New Google Glass Design Coming in 2015


As technology writers across the nation file stories on the recent news that the Google Glass program is all but dead, an undisclosed source familiar with the project has reported to the Wall Street Journal that not only is Glass still very much alive, but a new headset is in the works, with a 2015 unveil planned.

Technical details are scant, but rumors suggest that Google has been in talks with Intel and that the next Glass model will include an Intel processor, replacing Glass’s current processor which is made by Texas Instruments. Intel is largely seen as a chip manufacturer for PCs and servers. The company missed the boat on mobile device processors, where Qualcomm and Samsung now reign supreme. As a result, Intel has been working hard to position itself as the defacto processor manufacturer for the anticipated wearables market. Ex-Palm and Apple veteran Mike Bell has been hired to lead Intel’s push into wearables. Under his leadership, the company developed an x86 processor called Quark that is ultra-small and light on power consumption that many speculate will make its way into the next Glass model.

The upgraded Google Glass model is also rumored to be getting an extended battery life, something Glass desperately needs if it is ever going to win over already reluctant consumers. The current Glass model has a battery life of one day, but if high power features like video streaming are used, battery life plummets to just a few hours. The question is: can Google turn around the public’s souring perception of Glass with a new chip and an improved battery life? Probably not. Neither of these enhancements address the staggering $1,500 price tag, the underlying privacy concerns, and self-image compromises that are said to be holding consumers back from Glass.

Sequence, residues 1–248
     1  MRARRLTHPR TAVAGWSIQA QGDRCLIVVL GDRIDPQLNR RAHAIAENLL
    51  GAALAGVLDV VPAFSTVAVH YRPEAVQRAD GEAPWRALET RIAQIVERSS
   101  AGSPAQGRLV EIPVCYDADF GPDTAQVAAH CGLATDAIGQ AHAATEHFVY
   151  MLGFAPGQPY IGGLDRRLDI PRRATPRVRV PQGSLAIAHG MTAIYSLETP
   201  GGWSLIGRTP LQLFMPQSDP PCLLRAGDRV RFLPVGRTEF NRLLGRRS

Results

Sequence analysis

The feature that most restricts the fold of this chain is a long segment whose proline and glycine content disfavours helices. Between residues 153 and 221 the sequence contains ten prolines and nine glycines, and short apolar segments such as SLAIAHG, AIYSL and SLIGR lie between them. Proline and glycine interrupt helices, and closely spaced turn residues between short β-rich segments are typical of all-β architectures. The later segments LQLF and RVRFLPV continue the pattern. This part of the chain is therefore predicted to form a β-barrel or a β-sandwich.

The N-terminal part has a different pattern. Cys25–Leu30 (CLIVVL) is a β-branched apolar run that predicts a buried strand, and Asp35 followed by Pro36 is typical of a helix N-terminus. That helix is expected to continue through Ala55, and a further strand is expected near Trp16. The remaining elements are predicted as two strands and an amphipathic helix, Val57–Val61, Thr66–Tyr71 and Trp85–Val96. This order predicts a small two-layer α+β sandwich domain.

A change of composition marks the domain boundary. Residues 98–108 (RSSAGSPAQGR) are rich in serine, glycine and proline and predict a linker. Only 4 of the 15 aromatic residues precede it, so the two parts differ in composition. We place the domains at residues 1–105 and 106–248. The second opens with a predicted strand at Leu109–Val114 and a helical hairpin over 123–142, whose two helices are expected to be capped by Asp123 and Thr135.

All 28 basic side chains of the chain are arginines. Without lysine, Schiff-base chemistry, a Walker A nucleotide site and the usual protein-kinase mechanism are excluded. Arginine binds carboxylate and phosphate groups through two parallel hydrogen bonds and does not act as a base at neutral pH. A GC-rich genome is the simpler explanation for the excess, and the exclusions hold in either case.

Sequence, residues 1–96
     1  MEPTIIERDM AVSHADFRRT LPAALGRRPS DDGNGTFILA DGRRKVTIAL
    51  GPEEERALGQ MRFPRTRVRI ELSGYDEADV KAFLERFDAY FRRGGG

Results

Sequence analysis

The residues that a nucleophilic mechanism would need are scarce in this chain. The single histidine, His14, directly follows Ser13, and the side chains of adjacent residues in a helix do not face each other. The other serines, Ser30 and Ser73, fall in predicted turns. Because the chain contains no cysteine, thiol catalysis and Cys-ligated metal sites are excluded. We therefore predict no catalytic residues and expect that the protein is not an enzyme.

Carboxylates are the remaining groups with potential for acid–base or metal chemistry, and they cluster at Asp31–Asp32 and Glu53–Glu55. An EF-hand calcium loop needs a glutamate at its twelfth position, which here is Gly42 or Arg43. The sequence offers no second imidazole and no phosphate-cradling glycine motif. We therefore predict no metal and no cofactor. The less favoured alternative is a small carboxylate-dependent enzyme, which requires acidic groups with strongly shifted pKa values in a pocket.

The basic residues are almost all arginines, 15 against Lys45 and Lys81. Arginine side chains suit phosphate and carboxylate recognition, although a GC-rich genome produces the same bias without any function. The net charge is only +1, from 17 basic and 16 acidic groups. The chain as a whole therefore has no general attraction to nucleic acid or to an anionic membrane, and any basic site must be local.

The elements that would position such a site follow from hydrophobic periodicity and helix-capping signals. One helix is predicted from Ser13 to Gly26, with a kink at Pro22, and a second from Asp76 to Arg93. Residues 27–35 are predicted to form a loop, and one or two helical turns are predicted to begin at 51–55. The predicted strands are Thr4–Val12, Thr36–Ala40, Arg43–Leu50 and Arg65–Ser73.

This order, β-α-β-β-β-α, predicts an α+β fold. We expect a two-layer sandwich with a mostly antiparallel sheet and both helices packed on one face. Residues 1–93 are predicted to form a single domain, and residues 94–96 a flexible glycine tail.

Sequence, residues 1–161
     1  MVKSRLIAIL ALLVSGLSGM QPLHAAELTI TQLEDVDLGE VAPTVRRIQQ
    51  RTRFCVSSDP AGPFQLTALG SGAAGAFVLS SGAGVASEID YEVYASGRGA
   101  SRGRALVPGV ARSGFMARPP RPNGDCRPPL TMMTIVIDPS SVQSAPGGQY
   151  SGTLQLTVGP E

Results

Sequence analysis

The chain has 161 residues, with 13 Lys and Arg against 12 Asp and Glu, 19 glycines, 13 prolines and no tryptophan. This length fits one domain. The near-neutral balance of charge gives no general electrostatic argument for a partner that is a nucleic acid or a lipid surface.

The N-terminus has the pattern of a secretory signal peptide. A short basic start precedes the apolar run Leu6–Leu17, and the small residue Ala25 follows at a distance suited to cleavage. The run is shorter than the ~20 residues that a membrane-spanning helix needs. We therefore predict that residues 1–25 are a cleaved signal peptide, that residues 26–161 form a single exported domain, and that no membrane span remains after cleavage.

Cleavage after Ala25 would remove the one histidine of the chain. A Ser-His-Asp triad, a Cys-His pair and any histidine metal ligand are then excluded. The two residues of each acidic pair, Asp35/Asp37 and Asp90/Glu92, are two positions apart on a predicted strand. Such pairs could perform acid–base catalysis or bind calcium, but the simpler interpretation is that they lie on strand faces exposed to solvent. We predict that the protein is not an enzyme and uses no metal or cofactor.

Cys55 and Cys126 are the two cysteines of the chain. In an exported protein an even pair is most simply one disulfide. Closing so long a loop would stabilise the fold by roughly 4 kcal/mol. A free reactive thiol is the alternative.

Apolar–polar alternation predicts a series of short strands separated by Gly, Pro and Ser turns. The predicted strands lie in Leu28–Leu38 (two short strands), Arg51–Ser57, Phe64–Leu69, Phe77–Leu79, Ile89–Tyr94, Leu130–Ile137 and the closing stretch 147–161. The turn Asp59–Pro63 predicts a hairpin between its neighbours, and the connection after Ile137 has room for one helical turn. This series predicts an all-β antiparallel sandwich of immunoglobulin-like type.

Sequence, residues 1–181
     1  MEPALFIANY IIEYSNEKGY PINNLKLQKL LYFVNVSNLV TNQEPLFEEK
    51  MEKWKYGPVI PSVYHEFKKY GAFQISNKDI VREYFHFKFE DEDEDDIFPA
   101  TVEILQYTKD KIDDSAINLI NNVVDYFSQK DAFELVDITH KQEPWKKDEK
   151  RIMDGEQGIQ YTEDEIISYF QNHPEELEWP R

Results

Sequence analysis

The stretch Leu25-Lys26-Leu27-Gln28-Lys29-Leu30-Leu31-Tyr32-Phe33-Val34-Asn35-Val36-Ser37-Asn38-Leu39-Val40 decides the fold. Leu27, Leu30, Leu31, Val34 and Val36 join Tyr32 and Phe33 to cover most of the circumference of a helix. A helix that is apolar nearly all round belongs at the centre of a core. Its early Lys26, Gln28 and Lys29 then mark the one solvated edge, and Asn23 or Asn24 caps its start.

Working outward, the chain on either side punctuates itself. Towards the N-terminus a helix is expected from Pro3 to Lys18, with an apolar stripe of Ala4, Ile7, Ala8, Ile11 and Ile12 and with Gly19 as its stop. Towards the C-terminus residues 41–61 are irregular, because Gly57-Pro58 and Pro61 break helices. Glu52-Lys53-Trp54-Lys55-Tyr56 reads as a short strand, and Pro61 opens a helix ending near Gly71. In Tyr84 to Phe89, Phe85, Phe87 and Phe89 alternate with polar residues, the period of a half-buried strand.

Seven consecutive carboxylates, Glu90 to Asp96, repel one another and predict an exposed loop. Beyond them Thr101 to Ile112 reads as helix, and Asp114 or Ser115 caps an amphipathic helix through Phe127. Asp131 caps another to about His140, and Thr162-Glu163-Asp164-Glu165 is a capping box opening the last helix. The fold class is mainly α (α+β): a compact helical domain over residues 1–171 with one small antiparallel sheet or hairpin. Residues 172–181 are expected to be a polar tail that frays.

However, one could argue that the Google Glass failure has been a marketing failure, rather than a development failure. Although Google Glass units are widely available, both directly from Google and on eBay, Google has yet to release the device from its “beta testing” status. The company that hopes consumers will embrace its new device has let it escape into the general public while taking very few precautions to control or steer public perception, a misstep that shows how disengaged Google’s marketing team is, compared to its chief rival, Apple.

In 2012, two Glass wearing wing-suit skydivers live streamed a freefall out of a blimp and onto the roof of the 2012 Google I/O developer conference. This is how Google introduced its developer community to Glass.  When the company launched Glass, they launched it to developers, not consumers, in hopes that an ecosystem of compelling apps would quickly follow. This did not happen. The Google store now advertises “over 40 apps” that are accessible through the Glass platform, compared to the 1.3 million available in the Android app ecosystem. There is speculation that developers did not come because there was no consumer demand, and because initial guidelines prevented developers from adding advertisements or charging consumers for Glass apps.

To date, Google has yet to launch Glass to the public, to the consumers that it hopes will eventually adopt the new wearable.  Other than some artsy portraits of millennials wearing Glass and a few POV videos that convey the general idea behind Glass, Google has made very few efforts to show people what’s cool about it or why they should be interested in it. Now, without the support of a compelling app store, Google must decide whether they will scrap the project altogether, or properly launch it to an increasingly disinterested public.

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